Confusion about energy prices and inflation

Inflation, defined as growth General level of price, Not directly observable above the general price level (also called “overall price level”). You can’t go to your local convenience store and order a unit of GDP, “How much is it?” I mean, what is the general price level for a unit of GDP made up of a fraction of an automobile, a few words of medical advice, some of an Amazon delivery service, a dozen bubble gum, etc.? Inflation is Approximate Some “representatives” measure the average price increase of a basket of goods and services. This assumption of inflation (e.g. consumer price index or CPI) is incorrect and attempts are made to try to return to the observed individual prices of the causes of inflation, as relative price changes (between goods and services) are not included later. By inflation

Consider pronouncing the following values. The The Wall Street Journal Wrote (“Record diesel price pressure European driver, US delivery,” May 13, 2022):

Rising electricity prices are one of the main reasons for continuing inflation

The following historical observations may disprove such a claim. In the chart below, let’s focus on the period from January 1999 to July 2008. During this period the average price of energy for American consumers (calculated from a sub-index of the CPI) increased almost endlessly and was 172% higher than at the beginning of the period. However, some more prices have come down. For example, the average price of consumer durable goods (including things like cars and appliances) dropped by 12%; Clothing prices, by 10%. While inflation was estimated at 33%, some prices rose, others declined.

And to that point. Without inflation, relative prices will continue to change, some rising, others falling. The measured total change in a given price is, by definition, the sum of its relative changes (compared to other products, excluding inflation) and the rate of inflation:

Total price change = relative price change + inflation.

No one can say that the change in total price has “contributed” to inflation because inflation has already taken place. Added Total production relative price changes. If you get 3 by adding 2 (2 + 1) to 1, it doesn’t make much sense to conclude 3 “contributions” to 1 (except in a very formal mathematical way).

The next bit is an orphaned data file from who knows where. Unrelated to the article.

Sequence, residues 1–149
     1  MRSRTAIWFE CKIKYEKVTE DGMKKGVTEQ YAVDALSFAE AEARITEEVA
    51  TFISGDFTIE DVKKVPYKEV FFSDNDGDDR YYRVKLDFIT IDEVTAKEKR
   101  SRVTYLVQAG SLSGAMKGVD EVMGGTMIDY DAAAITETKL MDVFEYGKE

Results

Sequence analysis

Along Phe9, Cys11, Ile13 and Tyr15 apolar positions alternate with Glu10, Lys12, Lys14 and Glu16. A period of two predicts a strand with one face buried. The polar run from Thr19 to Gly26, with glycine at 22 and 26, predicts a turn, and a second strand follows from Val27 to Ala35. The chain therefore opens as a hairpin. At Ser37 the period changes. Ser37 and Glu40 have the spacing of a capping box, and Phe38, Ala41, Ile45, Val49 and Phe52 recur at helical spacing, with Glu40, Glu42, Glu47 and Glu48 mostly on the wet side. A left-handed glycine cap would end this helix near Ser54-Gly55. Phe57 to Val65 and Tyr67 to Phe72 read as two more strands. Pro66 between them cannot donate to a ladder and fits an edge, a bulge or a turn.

It is true that if the shock of supply reduces the production of oil and thus reduces the production of all consumer goods that use these inputs, there will be a one-time increase in the general price level because the same amount of money will be left behind. But why inflation will continue month after month, year after year, as we see the CPI in our charts. A sustained inflation (which people usually refer to as inflation) requires more new money behind the amount of existing (or a forty reduced) product.

This argument is based on the standard microeconomic theory (which relates to relative prices and is therefore also called “price theory”) and on a macroeconomic theory called monetaryism. But keep in mind that any counter-claim must be based on some economic theory, otherwise it is just a vague ad hoc insight. The media and alas even the financial press often relies on the latter.

Over the past few decades, the Milton Friedman type of monetaryism has been abandoned or replaced by economists. But this does not necessarily make it illegal, especially since its fundamental consequence is that an increase in money supply above and beyond the public’s demand for money will, after a reversal, create inflation. (I understand that co-blogger Scott Sumner has defended a modified version of monetaryism, which does not seem to contradict my above claim, at least under normal circumstances.)

A recent article by John Greenwood (Invesco, Ltd.) and Steve Hank (Johns Hopkins University) presents an argument close to the above mine: “Economic growth and inflation in advanced economies, 2021-2022: relative prices and overall price levels,” Applied Corporate Finance Journal 33: 4 (2021) A paragraph from the abstract of the article provides a good summary:

The authors argue that this is unanimous [on current inflation being largely generated by “supply chain disruptions”] Failure to distinguish between relative price change and overall price level change will prove it wrong. The movement of any single set of relative values ​​fails to provide information on the overall rate of inflation. And the amount of money is confirmed by theory, the overall inflation rate and price level are determined by changes in money supply measured in detail. On the other hand, changes in relative prices, changes in demand and supply in the real economy, make them free from changes in money supply. Thus, doubling the money supply will double all nominal value, relative values ​​will not be affected by monetary policy.

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